Federal Career Intern Program blasted by some as undermining open market hiring
If you think the word "intern" refers just to the legions of eager young folks who descend on Washington each summer, providing cheap labor by day and guzzling beer at night, think again.
When Uncle Sam talks about interns, he might mean the college students who get a few months of valuable on-the-job experience, but he also could be referring to the permanent federal workers who bypassed the regular competitive hiring process and got a full-time job through the Federal Career Intern Program.
Union officials blasted this "intern" program at a Senate hearing Thursday. Although much of the session concerned the training and mentoring of federal employees, the National Treasury Employees Union and the American Federation of Government Employees took the opportunity to tell the two senators who attended that some government agencies use the program to avoid fair and open competition for federal jobs.
Coincidentally, the inspector general of the Environmental Protection Agency issued a report this week about EPA officials who "engaged in a prohibited personnel practice by giving four FCIP job fair participants improper advantages not provided to others attending the job fair."
The IG noted that "the FCIP has few eligibility and procedural requirements." Agencies using the program are obligated, however, to follow the government's Merit System Principles, which call for a hiring process that is open, fair and free of bias.
After the hearing, John Palguta, a vice president of the nonprofit Partnership for Public Service, said the EPA violations were attributable to individuals and not to a program many hiring managers find useful.
But NTEU, citing what it called "rampant abuse," challenged the program's legality in an ongoing lawsuit filed two years ago. In her testimony to the Homeland Security and Governmental Affairs subcommittee on oversight of government management, the federal work force and the District of Columbia, NTEU President Colleen M. Kelley said, "FCIP turns the whole concept of an 'internship' on its head." She was floored when she saw the program listed on an Office of Personnel Management Web site for student jobs.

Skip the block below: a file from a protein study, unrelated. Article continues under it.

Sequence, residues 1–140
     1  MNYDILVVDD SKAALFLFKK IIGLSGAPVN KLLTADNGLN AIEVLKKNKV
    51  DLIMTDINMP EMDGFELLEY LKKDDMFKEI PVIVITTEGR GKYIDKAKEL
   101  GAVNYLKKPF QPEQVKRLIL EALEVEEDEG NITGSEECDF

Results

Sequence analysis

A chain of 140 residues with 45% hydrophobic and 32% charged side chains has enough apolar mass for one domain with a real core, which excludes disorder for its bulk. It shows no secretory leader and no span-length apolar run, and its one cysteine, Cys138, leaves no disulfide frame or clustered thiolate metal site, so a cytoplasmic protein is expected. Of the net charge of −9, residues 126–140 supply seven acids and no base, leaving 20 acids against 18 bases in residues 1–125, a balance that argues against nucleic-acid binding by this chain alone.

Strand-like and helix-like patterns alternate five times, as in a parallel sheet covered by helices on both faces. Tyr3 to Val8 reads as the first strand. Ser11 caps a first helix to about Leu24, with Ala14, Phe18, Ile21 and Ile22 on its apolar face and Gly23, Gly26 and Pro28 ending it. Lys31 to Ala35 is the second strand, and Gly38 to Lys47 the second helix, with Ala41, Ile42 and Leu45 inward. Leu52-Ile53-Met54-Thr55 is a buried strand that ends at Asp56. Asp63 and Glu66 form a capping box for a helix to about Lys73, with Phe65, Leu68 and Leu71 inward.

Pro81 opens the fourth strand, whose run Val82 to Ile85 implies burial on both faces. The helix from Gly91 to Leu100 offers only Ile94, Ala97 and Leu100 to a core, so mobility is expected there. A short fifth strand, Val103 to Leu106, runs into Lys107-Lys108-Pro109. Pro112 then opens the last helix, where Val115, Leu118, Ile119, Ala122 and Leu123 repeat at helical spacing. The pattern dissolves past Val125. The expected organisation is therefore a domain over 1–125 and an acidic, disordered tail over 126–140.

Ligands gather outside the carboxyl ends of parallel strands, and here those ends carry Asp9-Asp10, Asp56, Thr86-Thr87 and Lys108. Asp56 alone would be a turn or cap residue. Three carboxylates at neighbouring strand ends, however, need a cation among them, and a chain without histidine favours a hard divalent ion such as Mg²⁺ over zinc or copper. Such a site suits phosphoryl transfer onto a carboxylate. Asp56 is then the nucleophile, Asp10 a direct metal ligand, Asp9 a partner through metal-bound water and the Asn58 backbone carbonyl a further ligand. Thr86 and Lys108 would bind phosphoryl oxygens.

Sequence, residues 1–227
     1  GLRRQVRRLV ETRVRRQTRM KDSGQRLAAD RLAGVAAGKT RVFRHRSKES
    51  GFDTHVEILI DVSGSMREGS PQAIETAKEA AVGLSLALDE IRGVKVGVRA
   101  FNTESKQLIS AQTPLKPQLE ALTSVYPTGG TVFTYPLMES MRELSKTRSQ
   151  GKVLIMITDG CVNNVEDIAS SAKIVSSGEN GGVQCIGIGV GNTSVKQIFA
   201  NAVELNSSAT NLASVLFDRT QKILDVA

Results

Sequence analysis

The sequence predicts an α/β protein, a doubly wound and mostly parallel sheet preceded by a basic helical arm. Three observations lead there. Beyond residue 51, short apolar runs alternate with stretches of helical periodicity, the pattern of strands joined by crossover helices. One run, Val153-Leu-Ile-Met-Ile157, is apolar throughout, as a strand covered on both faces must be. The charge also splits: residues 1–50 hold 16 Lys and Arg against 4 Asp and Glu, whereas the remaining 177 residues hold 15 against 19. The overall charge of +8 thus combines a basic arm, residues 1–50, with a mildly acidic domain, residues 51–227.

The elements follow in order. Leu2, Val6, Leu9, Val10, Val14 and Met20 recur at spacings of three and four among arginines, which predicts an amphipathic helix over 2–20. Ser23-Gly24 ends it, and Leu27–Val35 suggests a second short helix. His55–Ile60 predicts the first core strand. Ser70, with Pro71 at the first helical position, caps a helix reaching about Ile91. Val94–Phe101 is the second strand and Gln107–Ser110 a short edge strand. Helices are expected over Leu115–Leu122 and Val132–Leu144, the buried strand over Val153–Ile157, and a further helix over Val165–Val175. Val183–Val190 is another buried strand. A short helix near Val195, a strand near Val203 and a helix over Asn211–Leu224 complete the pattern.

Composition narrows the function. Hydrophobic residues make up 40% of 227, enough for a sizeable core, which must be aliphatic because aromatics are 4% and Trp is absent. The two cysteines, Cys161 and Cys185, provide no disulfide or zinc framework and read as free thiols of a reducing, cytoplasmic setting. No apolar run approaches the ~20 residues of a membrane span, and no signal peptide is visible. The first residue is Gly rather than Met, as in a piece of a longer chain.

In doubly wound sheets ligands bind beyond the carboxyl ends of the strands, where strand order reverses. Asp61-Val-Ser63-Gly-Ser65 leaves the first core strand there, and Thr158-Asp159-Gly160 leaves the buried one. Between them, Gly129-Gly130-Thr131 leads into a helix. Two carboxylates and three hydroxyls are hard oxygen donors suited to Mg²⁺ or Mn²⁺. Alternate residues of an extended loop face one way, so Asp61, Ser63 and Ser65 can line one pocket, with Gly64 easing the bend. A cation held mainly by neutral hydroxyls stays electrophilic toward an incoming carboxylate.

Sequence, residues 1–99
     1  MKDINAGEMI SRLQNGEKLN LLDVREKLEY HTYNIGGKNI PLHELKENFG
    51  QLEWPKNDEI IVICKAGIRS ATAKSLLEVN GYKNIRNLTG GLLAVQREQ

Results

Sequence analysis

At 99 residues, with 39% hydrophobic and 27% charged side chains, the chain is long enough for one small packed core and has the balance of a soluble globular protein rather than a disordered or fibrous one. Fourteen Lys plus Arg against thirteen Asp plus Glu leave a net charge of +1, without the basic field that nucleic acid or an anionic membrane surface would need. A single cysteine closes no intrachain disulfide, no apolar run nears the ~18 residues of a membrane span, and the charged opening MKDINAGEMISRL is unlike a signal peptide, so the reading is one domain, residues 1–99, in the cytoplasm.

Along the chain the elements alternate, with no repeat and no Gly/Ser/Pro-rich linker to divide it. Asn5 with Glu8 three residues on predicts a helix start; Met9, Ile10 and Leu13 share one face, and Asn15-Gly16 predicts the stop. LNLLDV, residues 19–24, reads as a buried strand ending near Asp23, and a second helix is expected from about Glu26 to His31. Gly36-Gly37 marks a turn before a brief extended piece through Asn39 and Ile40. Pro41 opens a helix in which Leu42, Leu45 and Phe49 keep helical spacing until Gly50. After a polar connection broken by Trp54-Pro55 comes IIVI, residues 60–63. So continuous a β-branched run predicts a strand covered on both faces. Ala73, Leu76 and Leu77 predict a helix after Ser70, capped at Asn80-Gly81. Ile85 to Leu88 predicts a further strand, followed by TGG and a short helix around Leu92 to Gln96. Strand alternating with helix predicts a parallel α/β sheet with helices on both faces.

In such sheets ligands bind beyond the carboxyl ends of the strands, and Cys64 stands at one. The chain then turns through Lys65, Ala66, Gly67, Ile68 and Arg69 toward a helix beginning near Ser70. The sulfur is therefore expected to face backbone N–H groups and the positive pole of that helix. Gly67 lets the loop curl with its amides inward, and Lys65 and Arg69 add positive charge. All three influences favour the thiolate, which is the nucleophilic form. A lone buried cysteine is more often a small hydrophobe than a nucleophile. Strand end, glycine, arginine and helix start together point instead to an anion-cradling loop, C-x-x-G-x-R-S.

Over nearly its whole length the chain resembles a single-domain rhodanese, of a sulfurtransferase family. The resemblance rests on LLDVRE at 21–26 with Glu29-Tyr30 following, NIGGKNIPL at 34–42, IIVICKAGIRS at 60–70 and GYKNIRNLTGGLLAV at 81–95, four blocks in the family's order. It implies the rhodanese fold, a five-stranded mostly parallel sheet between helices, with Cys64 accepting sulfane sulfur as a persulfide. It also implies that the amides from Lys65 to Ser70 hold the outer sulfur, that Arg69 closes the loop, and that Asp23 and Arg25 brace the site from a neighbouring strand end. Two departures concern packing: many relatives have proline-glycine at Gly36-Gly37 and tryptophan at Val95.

J. David Cox, AFGE's secretary-treasurer, told the panel his union "strongly objects to the federal government's continued use of the FCIP because agencies have embraced it to such a degree that it has nearly superseded the competitive service and because it has become a preferred vehicle for favoritism."
The unions have urged the Obama administration to eliminate the program, and Cox said that at a minimum there should be a limit on the number of people hired under it each year.
Currently, more than 22,000 workers are hired through it annually, Sen. Daniel K. Akaka (D-Hawaii), chairman of the subcommittee, said in his opening statement. He added that he is concerned about the broad use of the program, though he did not take a position on whether it should be cut or killed.
He said, "Labeling a hiring authority used for a wide range of positions as an internship program may weaken agencies' commitment to investing in real internships for focused employee development."
The top Republican on the panel, Sen. George V. Voinovich of Ohio, said Congress doesn't have enough information to determine whether FCIP is ready for the trash can. "In the absence of detailed information on how agencies employ the FCIP, we are left with anecdotal instances of potential agency abuse of this tool. We in Congress need to drill down further on this issue before deciding to modify or terminate this hiring authority."
Although several health insurance companies said they would cover adult children on their parents' policies by June 1, the Office of Personnel Management says existing federal law prohibits that coverage for those in the Federal Employees Health Benefits Program until a new health insurance law takes effect in January.
In a notice to federal agency benefit officers Thursday, OPM said: "We are working diligently with the Congress to address this matter. In the meantime, children turning 22 are automatically covered for an additional 31 days under the parent's coverage policy. During this time, families can decide to continue FEHB coverage for their adult child for up to 36 months through the Temporary Continuation of Coverage (TCC) program."
Caution: OPM said "there is no federal contribution toward the premium" of the temporary coverage. That coverage, however, is not subject to exclusions such as those for preexisting condition.
Staff writer Eric Yoder contributed to this report.